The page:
Secret documents revealed: Clinton's plan to resolve the Bosnian issue failed in 1995
In the run-up to the 1995 US presidential election, Bill Clinton called on the Muslim-led Bosnian government to make territorial concessions to end the war.Source: B92, The Guardian
This, according to the Guardian, is revealed by documents from 1995, published by the presidential archive, which speak about the events in Bosnia-Herzegovina during the war that lasted for three years.
"Declassified documents from the period and interviews with some of the protagonists reflect the determination of Bill Clinton and his foreign policy team to find a solution to the three-year conflict at all costs before his re-election campaign began in earnest in 1996 – even if that meant rewarding the Bosnian Serb leaders for their policy of ethnic cleansing by granting them their objective: secession", the Guardian specifies.
In phone conversations with other foreign leaders as the mass executions were under way, however, Clinton repeatedly expressed his disillusion with the Bosnian army for failing to defend Srebrenica. In the meantime, Clinton’s national security adviser, Anthony Lake, headed the secret plan for ending Bosnian war.
That strategy, begun by Lake’s team in the weeks before the Srebrenica attack, was to try to force a peace deal based on a roughly even division of the territory. The Federation of Muslims and Croats was to receive just under half of the state, while the Americans would consider putting pressure on the Muslim side to agree to Serbs in Bosnia holding a referendum on secession from Bosnia-Herzegovina within two to three years after the end of the war.
If that failed, the plan was to withdraw the UN peacekeeping force, lift the arms embargo on Bosnia and to give its Muslim-Croat Federation some initial support with airstrikes until it was strong enough to fight the Serbs on its own.
The Federation might have to accept less than half the country, and the US would consider “pressing the Bosnians to agree that the Serbs can conduct a referendum on secession after 2-3 years”. Clinton's plan called for talks between the US administration and representatives of Sarajevo first, in order to convince them of concessions after the fall of Srebrenica, which included the possibility of separating RS from Bosnia-Herzegovina.
“If the Bosnians cannot persuade the Serb population that their best future lies in reintegration, there is no point blocking the peaceful separation of the Union along the lines of the Czechoslovak model,” the proposal suggested, as presidential archive specifies.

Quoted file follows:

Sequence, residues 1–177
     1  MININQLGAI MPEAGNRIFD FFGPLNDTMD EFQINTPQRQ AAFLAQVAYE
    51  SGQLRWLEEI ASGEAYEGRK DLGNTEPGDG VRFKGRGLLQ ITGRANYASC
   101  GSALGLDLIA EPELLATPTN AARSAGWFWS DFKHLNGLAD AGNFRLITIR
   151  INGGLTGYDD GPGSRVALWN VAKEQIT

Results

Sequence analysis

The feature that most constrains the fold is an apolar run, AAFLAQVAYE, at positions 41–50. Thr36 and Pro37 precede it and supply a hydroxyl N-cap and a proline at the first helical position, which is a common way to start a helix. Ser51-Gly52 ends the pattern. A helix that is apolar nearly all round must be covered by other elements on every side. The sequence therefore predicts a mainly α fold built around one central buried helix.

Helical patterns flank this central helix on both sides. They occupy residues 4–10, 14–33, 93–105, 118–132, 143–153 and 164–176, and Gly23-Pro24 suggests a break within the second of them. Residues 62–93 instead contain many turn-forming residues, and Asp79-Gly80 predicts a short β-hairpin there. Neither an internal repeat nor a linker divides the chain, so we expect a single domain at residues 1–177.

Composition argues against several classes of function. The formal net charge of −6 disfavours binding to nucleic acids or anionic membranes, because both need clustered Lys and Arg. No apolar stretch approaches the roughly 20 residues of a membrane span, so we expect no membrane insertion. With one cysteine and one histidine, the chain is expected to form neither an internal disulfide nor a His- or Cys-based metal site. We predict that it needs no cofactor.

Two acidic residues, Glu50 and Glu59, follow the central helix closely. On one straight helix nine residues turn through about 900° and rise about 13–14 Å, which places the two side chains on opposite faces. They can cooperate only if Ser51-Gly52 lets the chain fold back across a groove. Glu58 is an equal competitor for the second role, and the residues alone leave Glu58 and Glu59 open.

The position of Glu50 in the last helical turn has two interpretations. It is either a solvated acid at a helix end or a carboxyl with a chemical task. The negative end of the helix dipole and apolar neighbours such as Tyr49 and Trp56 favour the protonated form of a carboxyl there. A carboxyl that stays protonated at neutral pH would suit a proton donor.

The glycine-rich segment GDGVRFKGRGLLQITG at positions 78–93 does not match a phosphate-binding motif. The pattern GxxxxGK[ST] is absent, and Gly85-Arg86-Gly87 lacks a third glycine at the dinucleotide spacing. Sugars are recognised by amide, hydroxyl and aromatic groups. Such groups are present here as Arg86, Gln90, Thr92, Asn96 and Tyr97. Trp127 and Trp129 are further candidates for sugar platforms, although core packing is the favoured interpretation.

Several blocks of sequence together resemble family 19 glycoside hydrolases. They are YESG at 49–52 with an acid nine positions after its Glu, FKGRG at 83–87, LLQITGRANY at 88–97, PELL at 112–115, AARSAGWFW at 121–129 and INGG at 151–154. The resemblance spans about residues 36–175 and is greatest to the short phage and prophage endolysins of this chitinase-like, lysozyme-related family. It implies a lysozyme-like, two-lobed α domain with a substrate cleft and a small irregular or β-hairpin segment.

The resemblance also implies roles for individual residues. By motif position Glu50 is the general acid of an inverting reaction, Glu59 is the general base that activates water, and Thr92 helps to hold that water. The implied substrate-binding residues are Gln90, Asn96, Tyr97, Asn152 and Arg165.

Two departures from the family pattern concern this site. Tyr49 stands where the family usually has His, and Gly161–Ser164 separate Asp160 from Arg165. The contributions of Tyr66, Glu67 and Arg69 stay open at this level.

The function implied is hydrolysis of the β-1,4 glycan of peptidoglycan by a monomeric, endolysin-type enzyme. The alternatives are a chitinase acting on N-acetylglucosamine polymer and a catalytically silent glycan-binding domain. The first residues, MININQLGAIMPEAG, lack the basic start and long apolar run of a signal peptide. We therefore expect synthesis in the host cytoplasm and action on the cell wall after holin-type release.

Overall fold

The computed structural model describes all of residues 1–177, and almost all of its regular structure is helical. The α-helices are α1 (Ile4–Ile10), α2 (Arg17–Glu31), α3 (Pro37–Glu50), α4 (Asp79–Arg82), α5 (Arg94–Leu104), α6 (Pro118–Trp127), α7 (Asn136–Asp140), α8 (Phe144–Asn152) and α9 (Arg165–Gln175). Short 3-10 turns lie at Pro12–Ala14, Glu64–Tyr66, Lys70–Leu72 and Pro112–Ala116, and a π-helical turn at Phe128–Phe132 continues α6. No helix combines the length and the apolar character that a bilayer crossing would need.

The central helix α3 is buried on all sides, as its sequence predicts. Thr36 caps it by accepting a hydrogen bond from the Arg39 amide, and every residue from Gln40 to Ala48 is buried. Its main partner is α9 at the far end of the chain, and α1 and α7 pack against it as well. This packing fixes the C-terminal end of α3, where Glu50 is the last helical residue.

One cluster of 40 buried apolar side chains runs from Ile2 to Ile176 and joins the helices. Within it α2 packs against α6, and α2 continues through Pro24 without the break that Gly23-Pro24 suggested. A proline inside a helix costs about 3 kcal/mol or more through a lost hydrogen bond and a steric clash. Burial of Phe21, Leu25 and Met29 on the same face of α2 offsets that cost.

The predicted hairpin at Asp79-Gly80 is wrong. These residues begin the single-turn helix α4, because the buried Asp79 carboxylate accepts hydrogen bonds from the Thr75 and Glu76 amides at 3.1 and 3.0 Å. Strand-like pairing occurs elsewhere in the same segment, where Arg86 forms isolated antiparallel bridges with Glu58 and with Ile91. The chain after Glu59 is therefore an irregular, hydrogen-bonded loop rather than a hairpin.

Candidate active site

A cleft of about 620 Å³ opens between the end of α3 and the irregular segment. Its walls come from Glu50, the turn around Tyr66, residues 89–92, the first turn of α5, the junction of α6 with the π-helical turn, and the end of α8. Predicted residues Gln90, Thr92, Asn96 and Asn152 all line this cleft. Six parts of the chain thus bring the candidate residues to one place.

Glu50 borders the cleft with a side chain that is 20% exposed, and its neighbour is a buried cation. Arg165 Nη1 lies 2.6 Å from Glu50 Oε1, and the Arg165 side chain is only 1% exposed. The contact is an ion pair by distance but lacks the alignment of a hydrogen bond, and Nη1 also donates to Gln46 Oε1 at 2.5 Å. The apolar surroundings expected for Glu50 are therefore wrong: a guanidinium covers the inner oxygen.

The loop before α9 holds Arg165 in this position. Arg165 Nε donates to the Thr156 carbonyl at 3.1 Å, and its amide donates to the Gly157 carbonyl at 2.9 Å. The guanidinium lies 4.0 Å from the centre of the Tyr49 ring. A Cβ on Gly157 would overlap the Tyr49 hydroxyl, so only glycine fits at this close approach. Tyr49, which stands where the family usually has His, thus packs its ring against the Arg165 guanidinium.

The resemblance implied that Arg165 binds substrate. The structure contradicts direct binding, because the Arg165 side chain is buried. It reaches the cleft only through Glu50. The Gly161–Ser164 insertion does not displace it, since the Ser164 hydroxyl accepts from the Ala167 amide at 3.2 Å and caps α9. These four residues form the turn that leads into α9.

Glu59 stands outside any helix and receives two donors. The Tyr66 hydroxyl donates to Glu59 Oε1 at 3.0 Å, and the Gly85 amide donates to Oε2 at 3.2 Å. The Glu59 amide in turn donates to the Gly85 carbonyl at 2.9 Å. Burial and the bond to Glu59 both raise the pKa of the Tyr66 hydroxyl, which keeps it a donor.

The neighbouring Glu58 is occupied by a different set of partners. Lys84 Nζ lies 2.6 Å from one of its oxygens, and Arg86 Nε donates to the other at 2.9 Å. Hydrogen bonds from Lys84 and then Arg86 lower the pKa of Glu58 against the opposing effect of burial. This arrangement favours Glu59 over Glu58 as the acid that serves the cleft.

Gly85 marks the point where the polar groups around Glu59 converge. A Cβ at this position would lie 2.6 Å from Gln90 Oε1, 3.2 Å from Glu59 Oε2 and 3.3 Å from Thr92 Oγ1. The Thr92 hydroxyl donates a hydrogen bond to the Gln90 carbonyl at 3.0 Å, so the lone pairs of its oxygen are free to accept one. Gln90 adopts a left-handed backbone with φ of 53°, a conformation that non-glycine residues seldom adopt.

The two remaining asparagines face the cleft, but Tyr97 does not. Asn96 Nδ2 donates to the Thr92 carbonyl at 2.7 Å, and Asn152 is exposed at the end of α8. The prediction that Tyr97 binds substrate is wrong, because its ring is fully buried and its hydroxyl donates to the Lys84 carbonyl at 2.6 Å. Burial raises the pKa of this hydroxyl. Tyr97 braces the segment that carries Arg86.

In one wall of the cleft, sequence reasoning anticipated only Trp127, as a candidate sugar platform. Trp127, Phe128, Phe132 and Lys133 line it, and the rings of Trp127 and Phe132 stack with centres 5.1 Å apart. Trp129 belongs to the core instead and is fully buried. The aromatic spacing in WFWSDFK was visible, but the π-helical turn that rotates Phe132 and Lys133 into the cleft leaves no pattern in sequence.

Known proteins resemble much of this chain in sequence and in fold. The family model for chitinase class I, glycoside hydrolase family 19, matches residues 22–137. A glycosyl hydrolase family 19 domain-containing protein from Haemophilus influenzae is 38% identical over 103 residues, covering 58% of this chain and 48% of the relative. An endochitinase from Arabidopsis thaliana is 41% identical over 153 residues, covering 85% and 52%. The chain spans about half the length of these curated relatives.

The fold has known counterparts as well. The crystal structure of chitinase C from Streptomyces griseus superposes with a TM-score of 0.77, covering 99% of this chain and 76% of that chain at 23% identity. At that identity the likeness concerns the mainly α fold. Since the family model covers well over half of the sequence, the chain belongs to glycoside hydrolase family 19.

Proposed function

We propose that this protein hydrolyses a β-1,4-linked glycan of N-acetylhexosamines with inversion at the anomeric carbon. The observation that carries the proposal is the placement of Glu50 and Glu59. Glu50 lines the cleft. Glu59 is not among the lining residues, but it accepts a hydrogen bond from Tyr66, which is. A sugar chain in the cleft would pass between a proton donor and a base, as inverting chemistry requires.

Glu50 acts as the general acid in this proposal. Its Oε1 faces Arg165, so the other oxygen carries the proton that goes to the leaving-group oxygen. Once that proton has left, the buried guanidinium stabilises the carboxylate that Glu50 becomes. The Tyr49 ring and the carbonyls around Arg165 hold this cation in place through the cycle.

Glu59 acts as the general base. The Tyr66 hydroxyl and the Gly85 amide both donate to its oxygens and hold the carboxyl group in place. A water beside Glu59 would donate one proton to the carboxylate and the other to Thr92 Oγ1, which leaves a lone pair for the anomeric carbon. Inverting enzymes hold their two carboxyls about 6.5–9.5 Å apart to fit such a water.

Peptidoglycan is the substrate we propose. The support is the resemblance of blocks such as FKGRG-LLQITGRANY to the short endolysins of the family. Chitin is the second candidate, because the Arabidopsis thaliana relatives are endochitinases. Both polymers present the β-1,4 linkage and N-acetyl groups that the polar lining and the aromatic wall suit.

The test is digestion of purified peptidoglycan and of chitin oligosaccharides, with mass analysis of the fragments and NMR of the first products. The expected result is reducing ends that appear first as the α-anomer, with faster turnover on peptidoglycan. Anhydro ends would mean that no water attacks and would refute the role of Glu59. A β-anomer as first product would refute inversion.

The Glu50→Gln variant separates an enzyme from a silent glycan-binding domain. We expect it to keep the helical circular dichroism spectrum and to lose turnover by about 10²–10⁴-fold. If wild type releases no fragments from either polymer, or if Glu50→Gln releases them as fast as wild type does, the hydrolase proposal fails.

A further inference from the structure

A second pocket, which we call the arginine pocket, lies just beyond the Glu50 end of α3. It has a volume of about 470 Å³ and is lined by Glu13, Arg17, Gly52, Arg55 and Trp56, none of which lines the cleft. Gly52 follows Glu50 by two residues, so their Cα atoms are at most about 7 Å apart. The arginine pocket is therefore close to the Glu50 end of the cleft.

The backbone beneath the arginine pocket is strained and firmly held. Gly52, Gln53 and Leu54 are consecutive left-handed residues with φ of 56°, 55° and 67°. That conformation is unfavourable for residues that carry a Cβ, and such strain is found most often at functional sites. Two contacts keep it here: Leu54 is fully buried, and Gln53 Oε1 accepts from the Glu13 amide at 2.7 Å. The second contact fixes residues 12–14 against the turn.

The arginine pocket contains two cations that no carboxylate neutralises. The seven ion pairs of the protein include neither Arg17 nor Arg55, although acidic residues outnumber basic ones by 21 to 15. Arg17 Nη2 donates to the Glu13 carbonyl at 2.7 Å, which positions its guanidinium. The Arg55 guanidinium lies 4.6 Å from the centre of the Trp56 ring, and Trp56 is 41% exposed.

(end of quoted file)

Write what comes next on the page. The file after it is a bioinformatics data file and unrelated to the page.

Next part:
David Scheffer, an adviser to the ambassador to the UN, later State Secretary, Madeleine Albright, who was attending White House meetings on Bosnia, reacted to this in the following words: “It’s a very slippery slope. The Serbs have seized enormous territory through ethnic cleansing, and then we hold a ‘democratic’ referendum to confirm such aggression? A very transparent act of appeasement”, Scheffer concluded.
In his communication with Chirac, Clinton complained about the Bosnian army, which had fled rather than trying to fight the Serbs.
“In Srebrenica there were about 3.000 Bosnian troops but they … left without putting up a fight,” Clinton said.
“I will talk to my military advisers, but they are very sceptical about bringing in forces with helicopters, especially if the Bosnians won’t fight. We cannot defend democratic values in the abstract”, Clinton added.
In the end, the US and its allies agreed to make a stand over the last Muslim enclave standing in eastern Bosnia, Gorazde, threatening massive air retaliation if it was attacked. A Croatian offensive against the Serbs in western Bosnia in August 1995 redrew the map, and forced the Serbs to the negotiating table without the promise of a referendum.
The Guardian concludeds that Clinton was re-elected US President in 1996, while Clinton papers serve as a reminder, however, of how close the US came to giving up on Bosnia.